Call log

A range of common - and not so common - queries from GPs and practice managers

Man taking call with telephone headset
  • Date: 21 September 2023
  • |
  • 7 minute read

These cases are based on actual calls made to MDDUS advisers and are published here to highlight common challenges within general practice. Details have been changed to maintain confidentiality.

Pension form

Q. A patient at our practice is seeking to claim her state pension before the age of 55 due to mental health issues that have forced her to give up work. She has requested that her GP complete a pension form in support of her claim but he is reluctant to do so without specialist input.

Doctors should act in accordance with the principles in the GMC’s Good medical practice guidance. This includes recognising and working within the limits of their competence (paragraph 14), and that a doctor must be honest and trustworthy when writing reports or completing or signing forms, and ensure that they are not false or misleading (paragraph 71). The GMC’s supplementary guidance on Confidentiality: disclosing information for employment, insurance and similar purposes also states that a doctor must restrict report writing to areas in which they have direct experience or relevant knowledge (paragraph 7).

Considering this guidance it is important that your GP ensures details included in any form or report are accurate before signing. It may be suitable for the GP to contact the patient’s secondary care mental health provider for more information before completing the form. Should the GP feel unable to complete the form, an explanation should be provided to the patient, who can then be signposted to other services for help (e.g. an occupational health provider). Any decisions made should be documented and, if not relevant to ongoing patient care, should be stored in a secure location separate to the patient’s notes.

Notice period

Q. Yesterday one of our recently employed practice staff was signed off work for four weeks by her GP. She has today handed in her resignation. We have checked her contract and her notice period is four weeks. Are we obliged only to pay her up until the end of her notice period?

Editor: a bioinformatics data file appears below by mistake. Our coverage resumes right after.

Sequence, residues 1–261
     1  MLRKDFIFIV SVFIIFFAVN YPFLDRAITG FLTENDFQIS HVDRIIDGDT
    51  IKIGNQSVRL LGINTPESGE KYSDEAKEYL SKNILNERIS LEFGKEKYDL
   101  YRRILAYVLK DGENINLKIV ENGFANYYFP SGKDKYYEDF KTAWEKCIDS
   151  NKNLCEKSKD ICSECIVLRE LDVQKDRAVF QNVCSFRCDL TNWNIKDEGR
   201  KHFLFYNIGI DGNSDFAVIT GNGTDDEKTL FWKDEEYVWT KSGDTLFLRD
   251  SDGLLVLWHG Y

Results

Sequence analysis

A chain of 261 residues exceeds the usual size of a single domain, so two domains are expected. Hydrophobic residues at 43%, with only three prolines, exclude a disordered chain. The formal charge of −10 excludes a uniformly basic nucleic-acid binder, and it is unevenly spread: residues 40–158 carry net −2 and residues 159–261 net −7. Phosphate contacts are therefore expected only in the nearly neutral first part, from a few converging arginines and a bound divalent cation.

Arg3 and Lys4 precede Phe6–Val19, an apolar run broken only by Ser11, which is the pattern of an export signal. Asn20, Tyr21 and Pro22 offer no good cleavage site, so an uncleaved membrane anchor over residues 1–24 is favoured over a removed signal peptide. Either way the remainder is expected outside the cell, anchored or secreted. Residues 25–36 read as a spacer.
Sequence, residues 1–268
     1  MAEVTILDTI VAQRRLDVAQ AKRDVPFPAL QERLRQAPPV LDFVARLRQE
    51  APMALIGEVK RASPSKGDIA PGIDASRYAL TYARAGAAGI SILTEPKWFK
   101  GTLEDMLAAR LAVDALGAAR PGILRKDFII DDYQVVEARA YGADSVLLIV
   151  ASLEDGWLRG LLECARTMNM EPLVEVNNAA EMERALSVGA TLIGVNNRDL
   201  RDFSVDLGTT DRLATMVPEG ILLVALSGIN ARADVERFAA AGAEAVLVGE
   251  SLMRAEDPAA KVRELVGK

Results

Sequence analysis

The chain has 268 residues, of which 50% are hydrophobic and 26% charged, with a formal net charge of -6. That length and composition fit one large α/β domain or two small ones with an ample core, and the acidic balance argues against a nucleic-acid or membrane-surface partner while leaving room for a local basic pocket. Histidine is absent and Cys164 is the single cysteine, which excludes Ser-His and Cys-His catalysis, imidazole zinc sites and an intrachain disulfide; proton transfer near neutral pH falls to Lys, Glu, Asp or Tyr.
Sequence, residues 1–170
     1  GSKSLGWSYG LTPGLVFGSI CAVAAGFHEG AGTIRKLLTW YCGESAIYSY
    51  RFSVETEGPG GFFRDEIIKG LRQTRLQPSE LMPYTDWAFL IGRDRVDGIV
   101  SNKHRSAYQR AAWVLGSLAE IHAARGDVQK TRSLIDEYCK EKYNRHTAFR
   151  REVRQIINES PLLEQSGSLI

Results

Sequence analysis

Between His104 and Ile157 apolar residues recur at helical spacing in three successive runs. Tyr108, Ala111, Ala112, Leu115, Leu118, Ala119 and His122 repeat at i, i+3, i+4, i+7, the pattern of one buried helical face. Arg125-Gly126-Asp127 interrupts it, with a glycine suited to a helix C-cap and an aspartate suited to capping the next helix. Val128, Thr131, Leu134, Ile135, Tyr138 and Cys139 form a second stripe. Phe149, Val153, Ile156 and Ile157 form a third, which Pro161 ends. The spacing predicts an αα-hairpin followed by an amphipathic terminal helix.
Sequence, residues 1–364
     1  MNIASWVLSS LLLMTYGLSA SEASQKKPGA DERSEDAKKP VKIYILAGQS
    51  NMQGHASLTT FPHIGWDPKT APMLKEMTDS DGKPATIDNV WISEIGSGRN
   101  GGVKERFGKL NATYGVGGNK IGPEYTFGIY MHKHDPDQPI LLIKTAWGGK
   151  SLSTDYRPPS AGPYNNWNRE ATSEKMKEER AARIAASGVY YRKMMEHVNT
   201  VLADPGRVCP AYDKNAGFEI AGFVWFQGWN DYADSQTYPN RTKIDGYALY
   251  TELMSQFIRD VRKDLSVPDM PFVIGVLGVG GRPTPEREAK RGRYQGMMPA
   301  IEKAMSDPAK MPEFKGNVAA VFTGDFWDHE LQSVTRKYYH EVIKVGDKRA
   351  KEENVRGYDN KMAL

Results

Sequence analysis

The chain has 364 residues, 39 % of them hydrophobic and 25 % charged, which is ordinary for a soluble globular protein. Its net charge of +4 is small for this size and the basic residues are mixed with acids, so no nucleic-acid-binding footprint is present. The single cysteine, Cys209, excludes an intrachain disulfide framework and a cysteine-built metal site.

Yes – the fit note covers her for her notice period so you would still pay the four weeks plus any outstanding annual leave she may have accrued but not taken during her short time with the practice. You should confirm in writing her end date.

Sign language interpreter

Q. We have a new patient at the practice who is deaf and has requested a British Sign Language (BSL) interpreter. The cost of arranging this, plus the longer appointment time, may be considerable. Are we obliged to provide this?

Under the Equality Act 2010, healthcare providers are obliged to make “reasonable adjustments” for people with a disability. The General Medical Council’s Good medical practice (paragraph 32) also states “You must give patients the information they want or need to know in a way they can understand. You should make sure that arrangements are made, wherever possible, to meet patients’ language and communication needs.”

In this case, the practice would have to assess whether arranging and paying for a BSL interpreter is “reasonable”. Note that it is unlawful for a healthcare provider to ask a deaf person to pay for a sign language interpreter that they arrange (section 20(7) of the Equality Act 2010). Some NHS providers may offer financial assistance with such costs. Be aware that refusing to provide this service may leave you open to legal challenge. It may be helpful to communicate with the patient in writing about what reasonable adjustments and support they require in order to understand and make informed decisions about their care and treatment options. Read more in the Care Quality Commission’s GP mythbusters guidance on making information accessible and reasonable adjustments for disabled people.

Employing a medical student

Q. We plan to employ a fourth-year medical student at the practice to help mainly with admin tasks, but also some clinical duties such as checking BPs, urine samples and bloods. Would this be okay?